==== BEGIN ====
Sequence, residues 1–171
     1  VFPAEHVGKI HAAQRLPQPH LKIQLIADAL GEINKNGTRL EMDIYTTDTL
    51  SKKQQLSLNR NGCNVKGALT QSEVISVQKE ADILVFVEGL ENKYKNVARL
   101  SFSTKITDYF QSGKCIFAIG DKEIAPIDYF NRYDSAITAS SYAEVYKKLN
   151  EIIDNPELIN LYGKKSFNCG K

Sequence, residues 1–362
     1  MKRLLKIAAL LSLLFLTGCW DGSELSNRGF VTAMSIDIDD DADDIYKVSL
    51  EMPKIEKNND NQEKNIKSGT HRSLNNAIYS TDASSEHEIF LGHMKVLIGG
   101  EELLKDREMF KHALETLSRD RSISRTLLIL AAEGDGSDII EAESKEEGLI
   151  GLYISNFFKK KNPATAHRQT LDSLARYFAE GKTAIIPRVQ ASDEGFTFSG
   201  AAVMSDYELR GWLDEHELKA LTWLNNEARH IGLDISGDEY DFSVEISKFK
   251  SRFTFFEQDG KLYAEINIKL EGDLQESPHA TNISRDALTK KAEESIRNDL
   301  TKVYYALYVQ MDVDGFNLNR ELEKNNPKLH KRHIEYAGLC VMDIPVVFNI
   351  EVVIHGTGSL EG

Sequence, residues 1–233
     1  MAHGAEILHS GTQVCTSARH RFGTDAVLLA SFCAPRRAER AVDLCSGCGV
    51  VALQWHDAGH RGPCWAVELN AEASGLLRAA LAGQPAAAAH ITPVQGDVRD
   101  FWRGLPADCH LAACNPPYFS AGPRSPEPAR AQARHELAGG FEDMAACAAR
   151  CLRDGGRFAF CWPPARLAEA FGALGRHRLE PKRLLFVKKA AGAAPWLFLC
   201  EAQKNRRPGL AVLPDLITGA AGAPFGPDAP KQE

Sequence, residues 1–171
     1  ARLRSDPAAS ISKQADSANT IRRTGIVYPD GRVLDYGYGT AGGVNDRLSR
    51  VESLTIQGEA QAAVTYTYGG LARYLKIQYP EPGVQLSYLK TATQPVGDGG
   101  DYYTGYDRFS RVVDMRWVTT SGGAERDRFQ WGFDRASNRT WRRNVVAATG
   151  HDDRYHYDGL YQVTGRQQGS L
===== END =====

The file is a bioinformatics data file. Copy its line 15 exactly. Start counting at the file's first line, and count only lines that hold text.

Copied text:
Sequence, residues 1–233